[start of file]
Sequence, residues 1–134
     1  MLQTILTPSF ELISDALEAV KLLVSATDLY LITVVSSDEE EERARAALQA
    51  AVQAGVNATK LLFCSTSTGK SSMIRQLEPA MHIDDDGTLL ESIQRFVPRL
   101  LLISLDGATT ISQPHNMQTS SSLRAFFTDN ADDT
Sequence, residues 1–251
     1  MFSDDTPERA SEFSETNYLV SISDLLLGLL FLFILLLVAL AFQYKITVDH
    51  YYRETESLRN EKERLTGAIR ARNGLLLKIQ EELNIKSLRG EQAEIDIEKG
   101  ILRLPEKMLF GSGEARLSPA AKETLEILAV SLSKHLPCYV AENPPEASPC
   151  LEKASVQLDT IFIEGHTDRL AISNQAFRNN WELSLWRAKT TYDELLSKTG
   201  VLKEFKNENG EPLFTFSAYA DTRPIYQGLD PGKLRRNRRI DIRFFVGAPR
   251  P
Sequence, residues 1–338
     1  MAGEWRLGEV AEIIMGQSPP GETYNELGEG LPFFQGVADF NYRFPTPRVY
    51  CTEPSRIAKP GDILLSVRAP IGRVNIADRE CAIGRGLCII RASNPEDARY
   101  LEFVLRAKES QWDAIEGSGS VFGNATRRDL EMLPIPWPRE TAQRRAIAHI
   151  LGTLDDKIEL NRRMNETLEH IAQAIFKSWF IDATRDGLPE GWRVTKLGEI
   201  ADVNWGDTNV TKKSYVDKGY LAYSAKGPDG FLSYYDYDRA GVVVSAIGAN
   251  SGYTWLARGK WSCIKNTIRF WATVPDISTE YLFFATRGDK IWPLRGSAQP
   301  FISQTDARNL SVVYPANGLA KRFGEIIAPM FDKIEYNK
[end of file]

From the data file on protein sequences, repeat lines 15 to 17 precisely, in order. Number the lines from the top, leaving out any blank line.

   101  LEFVLRAKES QWDAIEGSGS VFGNATRRDL EMLPIPWPRE TAQRRAIAHI
   151  LGTLDDKIEL NRRMNETLEH IAQAIFKSWF IDATRDGLPE GWRVTKLGEI
   201  ADVNWGDTNV TKKSYVDKGY LAYSAKGPDG FLSYYDYDRA GVVVSAIGAN